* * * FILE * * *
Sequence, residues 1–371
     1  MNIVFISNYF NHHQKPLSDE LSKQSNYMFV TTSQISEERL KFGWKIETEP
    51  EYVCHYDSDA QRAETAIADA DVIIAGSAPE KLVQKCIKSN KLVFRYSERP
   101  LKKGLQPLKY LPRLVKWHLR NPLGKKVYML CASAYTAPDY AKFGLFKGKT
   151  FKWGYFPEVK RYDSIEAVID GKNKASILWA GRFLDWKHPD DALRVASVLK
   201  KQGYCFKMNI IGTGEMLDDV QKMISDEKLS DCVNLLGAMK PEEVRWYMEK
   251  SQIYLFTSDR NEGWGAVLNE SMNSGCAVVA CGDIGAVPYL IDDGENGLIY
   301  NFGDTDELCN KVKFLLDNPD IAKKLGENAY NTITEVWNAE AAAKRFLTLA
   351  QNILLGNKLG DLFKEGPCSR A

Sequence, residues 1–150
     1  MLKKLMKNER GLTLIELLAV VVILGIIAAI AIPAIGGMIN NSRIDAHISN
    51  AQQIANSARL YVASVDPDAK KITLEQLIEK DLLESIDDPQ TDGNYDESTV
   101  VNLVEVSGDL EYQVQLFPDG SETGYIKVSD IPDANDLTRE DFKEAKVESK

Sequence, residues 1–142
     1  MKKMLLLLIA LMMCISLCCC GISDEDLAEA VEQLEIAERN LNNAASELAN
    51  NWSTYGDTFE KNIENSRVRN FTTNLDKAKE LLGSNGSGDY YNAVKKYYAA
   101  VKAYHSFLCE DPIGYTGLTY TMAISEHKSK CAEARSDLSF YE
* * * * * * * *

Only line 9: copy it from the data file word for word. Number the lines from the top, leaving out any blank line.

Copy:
   351  QNILLGNKLG DLFKEGPCSR A